Hypomineralisation is a condition of teeth where the enamel has areas of less mineral than unaffected enamal. The teeth most likely effected are the first molar teeth (which erupt at 6 -8 years) and the anterior incisor teeth.
Teeth with hypomineralisation may have patches of very white, yellow or brown enamel (that is not the result of decay). These areas contain up to 21% less mineral.
Problems this may cause -
Why does hypomineralisation occur?
We don't really know.
The problem occurs during the development of the tooth so things that occur to children between the ages of 0 and 4 years have all been blamed e.g. high temperature fevers; ear infections; antibiotics used to treat high temperatures or ear infections!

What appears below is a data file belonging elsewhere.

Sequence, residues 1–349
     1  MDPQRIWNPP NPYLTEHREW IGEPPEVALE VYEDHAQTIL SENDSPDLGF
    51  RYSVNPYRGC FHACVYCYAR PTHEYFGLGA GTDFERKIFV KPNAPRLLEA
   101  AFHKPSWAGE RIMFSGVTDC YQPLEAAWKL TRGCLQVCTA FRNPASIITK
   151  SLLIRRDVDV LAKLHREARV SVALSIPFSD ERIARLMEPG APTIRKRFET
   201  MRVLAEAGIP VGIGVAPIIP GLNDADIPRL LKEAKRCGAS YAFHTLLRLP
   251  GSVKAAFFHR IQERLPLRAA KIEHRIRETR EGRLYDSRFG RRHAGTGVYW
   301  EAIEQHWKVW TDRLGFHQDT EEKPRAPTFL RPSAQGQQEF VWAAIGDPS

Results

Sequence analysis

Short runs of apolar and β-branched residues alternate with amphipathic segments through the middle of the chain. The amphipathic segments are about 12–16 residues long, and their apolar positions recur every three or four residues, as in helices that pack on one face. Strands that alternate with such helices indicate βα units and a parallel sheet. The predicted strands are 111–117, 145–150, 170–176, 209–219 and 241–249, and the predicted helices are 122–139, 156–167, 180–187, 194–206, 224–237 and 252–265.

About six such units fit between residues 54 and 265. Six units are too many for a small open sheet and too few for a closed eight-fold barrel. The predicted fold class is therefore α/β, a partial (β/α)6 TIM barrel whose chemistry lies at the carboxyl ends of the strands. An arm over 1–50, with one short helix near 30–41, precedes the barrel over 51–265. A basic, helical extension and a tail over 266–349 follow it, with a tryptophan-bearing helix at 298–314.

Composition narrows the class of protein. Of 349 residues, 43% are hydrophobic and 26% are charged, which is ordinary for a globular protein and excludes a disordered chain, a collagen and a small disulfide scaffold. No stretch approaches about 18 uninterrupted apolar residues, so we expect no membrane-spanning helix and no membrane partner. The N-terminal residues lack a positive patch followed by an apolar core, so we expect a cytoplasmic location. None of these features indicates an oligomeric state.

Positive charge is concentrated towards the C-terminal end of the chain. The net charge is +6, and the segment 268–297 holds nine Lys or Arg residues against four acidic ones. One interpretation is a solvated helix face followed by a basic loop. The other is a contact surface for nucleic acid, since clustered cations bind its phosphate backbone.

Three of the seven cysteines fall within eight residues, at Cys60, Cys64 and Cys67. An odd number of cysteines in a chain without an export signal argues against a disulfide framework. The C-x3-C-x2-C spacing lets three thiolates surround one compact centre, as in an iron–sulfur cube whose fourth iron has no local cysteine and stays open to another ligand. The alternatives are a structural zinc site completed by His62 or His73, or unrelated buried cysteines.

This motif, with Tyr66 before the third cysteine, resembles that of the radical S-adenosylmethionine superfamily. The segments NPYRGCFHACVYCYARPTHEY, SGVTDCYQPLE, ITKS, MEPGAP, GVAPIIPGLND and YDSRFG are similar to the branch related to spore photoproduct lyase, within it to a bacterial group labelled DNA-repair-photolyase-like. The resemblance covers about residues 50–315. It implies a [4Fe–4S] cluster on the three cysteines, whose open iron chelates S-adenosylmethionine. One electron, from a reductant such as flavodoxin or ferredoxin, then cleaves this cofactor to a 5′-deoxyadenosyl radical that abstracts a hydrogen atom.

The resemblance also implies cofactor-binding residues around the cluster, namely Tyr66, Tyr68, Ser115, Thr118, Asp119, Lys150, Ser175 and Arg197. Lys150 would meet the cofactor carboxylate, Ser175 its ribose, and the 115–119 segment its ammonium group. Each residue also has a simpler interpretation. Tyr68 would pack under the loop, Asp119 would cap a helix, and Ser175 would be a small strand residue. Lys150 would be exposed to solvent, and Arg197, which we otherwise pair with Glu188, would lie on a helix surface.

There does tend to be a family tendency towards teeth with hypomineralisation but it is hard to know if the factors are genetic or the tendencies to have similar environmental problems.
Difficulties in treatment
It has been shown that hypomineralised teeth are three times more likely to lose any fillings or seals than normal enamelled teeth. Therefore we need to carefully watch and retreat these teeth.
These teeth may need crowns at a younger age to preserve them. Where the condition is extensive extraction and orthodontic treatment may be the best long term choice.
What you can do
Because a hypomineralised tooth is much more likely to be decayed it is important that children with these teeth are helped by the parents to be very conscientious about diet and cleaning. A desensitizing toothpaste may help with sensitivitiy and tooth mousse is another helpful option.